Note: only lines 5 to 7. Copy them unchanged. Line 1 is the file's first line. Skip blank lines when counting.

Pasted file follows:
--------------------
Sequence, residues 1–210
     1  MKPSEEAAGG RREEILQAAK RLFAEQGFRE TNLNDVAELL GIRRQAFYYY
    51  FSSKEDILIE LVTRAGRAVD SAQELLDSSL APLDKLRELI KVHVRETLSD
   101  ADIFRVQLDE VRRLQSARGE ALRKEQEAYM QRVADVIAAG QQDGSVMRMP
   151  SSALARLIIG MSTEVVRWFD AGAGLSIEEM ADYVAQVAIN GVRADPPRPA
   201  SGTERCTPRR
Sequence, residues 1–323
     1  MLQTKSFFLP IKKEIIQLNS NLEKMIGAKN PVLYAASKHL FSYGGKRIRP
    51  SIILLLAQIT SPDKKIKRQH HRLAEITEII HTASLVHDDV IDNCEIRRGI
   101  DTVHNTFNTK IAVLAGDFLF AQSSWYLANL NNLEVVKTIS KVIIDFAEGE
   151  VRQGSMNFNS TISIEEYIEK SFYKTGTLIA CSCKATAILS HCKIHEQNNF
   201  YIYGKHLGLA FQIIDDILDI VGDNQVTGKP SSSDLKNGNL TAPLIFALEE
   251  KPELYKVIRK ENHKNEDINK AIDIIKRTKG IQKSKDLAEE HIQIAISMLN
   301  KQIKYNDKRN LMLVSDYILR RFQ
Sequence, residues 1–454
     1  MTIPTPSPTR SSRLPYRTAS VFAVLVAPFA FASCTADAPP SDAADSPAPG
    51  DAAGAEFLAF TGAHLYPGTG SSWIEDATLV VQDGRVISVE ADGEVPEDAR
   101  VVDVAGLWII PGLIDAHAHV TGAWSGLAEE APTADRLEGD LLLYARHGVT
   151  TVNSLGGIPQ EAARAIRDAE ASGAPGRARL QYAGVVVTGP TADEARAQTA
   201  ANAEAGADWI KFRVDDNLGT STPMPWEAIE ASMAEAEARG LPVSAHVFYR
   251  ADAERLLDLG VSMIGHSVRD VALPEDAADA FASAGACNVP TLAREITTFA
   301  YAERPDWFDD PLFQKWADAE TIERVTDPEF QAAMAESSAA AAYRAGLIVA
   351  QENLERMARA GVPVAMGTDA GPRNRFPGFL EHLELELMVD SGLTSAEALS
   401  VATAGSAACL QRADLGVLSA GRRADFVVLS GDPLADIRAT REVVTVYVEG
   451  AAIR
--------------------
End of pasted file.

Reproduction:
   151  SSALARLIIG MSTEVVRWFD AGAGLSIEEM ADYVAQVAIN GVRADPPRPA
   201  SGTERCTPRR
Sequence, residues 1–323